Auditor Controller Eric Woolery is refusing to pay out the government invoices funding Nelson’s pension (he’s attracting fire from all sides of the county bureaucracy) because of the inconsistencies in Nelson’s stances on whether he should receive a pension.

Woolery – who sees his office as an elected fiscal watchdog – has been holding up payment since a deal was crafted earlier this year. Nelson is reportedly pushing for the entire $250,000 payment to be made immediately into his retirement account.

County Counsel Leon Page – who is hired by county supervisors – has reportedly told Woolery there’s enough legal footing to pay the bill. But Woolery wants to hire his own attorney to look at the issue, arguing that Page has a conflict because Nelson is essentially one of his bosses.

Woolery was set for a debate Tuesday until Supervisor Andrew Do (and reportedly Supervisor Lisa Bartlett, according to Woolery) used Rule 22 to pull the item.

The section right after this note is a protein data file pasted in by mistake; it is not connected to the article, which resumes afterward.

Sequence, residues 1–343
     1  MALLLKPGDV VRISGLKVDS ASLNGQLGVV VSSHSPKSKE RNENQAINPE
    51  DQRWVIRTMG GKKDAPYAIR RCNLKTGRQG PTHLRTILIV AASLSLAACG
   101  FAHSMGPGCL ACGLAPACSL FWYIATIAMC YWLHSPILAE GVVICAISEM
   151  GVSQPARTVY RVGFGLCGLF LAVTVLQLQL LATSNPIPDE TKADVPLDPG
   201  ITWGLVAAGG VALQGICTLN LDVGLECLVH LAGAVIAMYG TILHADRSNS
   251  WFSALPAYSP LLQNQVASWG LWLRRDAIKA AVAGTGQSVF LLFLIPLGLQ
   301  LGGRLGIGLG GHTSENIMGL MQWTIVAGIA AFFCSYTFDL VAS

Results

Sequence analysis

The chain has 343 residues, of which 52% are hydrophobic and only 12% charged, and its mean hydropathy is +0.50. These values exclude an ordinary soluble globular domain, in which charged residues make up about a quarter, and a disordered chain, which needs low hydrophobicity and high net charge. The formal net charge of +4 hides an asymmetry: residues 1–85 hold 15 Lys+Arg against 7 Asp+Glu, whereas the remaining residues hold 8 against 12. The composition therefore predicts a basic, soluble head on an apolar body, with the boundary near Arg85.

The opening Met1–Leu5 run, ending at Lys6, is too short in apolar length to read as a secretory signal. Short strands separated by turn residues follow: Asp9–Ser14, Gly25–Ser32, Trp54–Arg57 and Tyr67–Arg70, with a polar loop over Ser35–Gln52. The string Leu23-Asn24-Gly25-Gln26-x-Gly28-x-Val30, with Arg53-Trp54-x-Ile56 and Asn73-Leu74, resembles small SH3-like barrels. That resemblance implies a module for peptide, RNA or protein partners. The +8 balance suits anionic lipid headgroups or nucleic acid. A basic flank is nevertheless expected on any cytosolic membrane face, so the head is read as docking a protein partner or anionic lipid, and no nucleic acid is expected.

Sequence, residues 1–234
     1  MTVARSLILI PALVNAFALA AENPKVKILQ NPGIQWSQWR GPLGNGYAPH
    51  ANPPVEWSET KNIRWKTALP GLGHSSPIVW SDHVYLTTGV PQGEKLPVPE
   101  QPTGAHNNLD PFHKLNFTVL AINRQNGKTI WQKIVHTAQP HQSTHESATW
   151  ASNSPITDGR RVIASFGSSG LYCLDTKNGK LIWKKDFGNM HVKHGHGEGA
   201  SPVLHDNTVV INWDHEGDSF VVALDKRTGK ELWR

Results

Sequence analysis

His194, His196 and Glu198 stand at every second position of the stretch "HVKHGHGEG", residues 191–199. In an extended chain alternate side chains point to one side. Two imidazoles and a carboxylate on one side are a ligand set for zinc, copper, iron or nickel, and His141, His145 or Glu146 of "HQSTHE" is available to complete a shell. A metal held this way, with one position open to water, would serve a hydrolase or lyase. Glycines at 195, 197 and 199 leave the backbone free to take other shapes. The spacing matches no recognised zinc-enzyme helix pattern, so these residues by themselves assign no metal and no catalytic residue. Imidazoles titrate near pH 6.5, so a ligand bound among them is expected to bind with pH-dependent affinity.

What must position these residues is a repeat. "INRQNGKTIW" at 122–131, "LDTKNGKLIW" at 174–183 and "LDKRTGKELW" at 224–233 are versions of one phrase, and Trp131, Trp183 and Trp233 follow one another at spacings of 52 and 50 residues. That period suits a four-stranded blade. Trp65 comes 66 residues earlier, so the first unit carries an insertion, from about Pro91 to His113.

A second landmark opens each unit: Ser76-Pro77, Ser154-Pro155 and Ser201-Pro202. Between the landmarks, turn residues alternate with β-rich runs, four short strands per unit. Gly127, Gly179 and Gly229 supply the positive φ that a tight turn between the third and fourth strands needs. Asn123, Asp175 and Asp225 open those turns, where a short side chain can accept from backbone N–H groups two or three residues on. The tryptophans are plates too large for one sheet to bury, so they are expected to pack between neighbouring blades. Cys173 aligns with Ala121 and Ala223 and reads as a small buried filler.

Do said he pulled the item because he doesn’t agree with department heads hiring their own attorneys. He sees it opening a Pandora’s box.

“If county counsel tells us they don’t have a legal right to get what they are questioning, what’s there for me to vote on?,” Do said.

Do told me he knew people would surmise he cut some kind of deal to protect Nelson.

“When I did it, I fully recognized that people would say I’m doing it to protect Shawn,” Do said.

Yet Do said that’s not the case and he just reviewed all the case law sent over by county counsel.

“Whether it’s another supervisor, or Woolery, if they think I acted improperly, then give me a law that says I’m wrong,” Do said.

So the message is an auditor doesn’t need an independent attorney.